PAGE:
EPM in horses, EPM horse behavior changes, horse with EPM
EPM in horses, EPM horse behavior changes, horse with EPM

Pics above were taken when Bambam was finally becoming rideable again, but was still having some back end weakness.  This little guy also suffered with strange inflammatory symptoms like Jax.

EPM in Horses: Bringing Them Back

Steph tried everything with this horse, including a very expensive dietary regimen to heal his nervous system.  A lot of the products were very high quality, including ImmuBiome products, and she did see some results from this – but this regimen was completely unsustainable for the results seen.

When she moved him here to stay with me, I asked to put him on Jax’s regimen.  At this point, I had Jax off all packaged feeds, forage only, with a central nervous system-focused diet.  As we made the switch, she began exercising him.  His improvements came quicker than I expected, though really getting the hind moving correctly took a few months (he still needs some work in this area, which will be easier once the arena is complete).

EPM Horse Behavior Changes: Can These Changes Be Reversed?

My answer to this is a very hopeful YES, as we’ve seen huge improvements in his demeanor and behavior.  This irrationally spooky horse is now calm, handles mental challenges with ease, and has lost that desire to blow up and bolt.  We’re also seeing his true personality coming through, and he’s an absolute pleasure to have out in my field.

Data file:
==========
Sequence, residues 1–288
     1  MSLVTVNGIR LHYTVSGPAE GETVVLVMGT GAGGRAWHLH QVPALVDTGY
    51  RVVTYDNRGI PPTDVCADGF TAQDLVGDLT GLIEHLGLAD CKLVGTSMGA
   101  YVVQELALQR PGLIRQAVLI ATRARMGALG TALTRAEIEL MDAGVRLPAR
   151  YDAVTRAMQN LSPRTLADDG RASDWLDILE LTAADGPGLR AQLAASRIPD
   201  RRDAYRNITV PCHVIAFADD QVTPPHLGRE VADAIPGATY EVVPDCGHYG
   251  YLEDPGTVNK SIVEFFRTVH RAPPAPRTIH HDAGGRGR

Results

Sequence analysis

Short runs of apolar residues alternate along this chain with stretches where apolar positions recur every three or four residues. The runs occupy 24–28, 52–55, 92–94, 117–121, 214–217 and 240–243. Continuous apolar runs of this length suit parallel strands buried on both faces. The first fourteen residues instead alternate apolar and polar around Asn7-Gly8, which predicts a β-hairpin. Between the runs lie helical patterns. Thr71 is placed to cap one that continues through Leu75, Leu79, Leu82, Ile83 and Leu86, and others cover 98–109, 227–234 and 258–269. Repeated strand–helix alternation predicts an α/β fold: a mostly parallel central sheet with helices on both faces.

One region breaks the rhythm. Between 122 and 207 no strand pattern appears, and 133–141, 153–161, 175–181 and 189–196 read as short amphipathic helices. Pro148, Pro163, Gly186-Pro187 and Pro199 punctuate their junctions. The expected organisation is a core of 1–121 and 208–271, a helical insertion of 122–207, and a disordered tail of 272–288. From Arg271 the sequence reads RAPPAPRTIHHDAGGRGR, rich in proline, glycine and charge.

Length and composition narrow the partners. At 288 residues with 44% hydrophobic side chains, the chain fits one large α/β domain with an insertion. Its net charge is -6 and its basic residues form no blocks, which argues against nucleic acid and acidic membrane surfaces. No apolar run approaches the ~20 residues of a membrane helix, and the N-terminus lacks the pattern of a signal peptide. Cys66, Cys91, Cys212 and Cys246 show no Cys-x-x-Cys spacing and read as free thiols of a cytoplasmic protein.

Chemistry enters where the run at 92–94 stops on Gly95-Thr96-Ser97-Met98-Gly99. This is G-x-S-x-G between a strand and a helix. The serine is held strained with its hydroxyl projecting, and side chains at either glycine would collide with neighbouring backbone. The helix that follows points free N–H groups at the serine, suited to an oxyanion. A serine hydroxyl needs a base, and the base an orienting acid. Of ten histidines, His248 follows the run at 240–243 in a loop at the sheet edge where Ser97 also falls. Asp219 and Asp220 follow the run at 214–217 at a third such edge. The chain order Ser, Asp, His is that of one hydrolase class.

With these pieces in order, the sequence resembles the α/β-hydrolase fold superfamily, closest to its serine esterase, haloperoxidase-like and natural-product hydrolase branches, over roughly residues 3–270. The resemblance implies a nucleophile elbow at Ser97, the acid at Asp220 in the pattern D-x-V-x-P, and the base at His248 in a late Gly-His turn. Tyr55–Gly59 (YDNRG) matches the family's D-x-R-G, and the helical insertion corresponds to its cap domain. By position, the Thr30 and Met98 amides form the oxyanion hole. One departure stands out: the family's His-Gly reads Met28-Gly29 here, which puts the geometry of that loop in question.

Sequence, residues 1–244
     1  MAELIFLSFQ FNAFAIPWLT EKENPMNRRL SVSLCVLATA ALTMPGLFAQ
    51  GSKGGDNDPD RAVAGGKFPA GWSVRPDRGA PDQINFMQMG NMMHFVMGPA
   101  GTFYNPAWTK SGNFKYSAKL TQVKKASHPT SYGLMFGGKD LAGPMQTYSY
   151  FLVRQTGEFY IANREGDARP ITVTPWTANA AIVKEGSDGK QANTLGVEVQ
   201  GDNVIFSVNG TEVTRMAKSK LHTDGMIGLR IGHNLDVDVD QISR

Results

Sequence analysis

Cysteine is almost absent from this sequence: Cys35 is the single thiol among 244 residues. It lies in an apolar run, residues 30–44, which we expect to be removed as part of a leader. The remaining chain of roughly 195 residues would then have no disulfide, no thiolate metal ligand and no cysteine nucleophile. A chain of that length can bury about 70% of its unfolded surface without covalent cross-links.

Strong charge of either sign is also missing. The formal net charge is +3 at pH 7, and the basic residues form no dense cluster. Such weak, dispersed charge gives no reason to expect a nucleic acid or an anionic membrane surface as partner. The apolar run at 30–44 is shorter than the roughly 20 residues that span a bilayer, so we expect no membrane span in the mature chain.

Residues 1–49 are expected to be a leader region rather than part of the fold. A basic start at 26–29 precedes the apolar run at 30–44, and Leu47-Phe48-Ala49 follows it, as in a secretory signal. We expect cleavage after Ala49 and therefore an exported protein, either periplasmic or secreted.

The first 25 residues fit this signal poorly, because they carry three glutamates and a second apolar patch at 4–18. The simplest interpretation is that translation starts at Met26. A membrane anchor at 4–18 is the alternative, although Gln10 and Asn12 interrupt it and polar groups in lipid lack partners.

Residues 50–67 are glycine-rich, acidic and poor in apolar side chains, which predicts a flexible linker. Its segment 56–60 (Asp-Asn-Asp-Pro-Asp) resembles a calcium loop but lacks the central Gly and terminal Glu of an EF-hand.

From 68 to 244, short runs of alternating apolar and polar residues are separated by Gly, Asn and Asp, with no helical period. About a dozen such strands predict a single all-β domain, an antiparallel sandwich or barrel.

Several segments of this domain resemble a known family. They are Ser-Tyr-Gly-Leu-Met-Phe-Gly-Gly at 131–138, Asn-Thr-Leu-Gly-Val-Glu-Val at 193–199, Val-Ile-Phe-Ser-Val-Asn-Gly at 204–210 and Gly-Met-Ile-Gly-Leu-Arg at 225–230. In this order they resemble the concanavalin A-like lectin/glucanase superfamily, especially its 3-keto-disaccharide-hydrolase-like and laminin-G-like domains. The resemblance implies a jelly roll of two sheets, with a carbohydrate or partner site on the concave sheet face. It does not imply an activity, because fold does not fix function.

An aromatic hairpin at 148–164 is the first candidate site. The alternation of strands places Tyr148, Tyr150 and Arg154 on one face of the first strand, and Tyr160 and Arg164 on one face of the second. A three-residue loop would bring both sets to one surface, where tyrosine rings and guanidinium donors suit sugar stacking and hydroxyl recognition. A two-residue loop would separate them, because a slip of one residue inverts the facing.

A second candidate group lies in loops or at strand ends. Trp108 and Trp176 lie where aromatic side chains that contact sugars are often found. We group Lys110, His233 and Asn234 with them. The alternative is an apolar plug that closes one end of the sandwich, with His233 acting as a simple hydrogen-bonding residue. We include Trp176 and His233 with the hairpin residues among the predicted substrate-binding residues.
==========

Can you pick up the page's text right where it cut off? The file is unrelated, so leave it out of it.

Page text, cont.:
His right hind issues are not 100% fixed, but that will hopefully come with time.  He’s no longer sore in his back and actually does use his hind quite well, he just needs a little more strength building.  Steph has had some really good rides on this guy these last few months, including a trip down to Mississippi for a clinic where he aced a very challenging obstacle course while keeping his mind in tact, something he’s not been able to do the last few years!


This horse has absolutely flourished over the past year.  He again went to Mississippi in 2023 (right at a year on this regimen) and did amazing.  From his owner:

“The activities we did at the Advanced Boot Camp retreat were:
  • Power of a Circle
  • Advanced stopping & backing (backed all the way around a large 120 ft outdoor arena) backing using just our legs to signal(prepping for going brideless)
  • Spins & Pivots
  • Advanced Neck reining(prepping for advancing riding skills)
  • Lateral work
  • Direction & Collection(working on transitioning of gaits)
  • Flying lead changes
  • Didn’t make it to Bridleless maybe next retreat.
  • Worked on the Lay down.”

This little beauty has done so well over the last year, and I love seeing Steph’s smile in these pics! We’re tweaking some things through spring 2024, as this was his first winter with access to grass 24/7 (same with Jax, so we’re learning with both of these boys as we go).  We’ve seen a bit of spooking and a need to be with the herd on windy days, nothing abnormal for a horse in spring but something we’re keeping an eye on.  He’s still on the super simple diet Jax was on before navicular: chelated calcium/mushrooms/B1 mix, 1 tablespoon pea protein, and 1 tablespoon chia seeds with a few carrot slices.  See more about the Jax’s PSSM diet here.

Have Experience bringing an EPM Horse Back to Healthy, or questions about the process we used?  Feel free to comment below!

Leave a Reply

Your email address will not be published. Required fields are marked *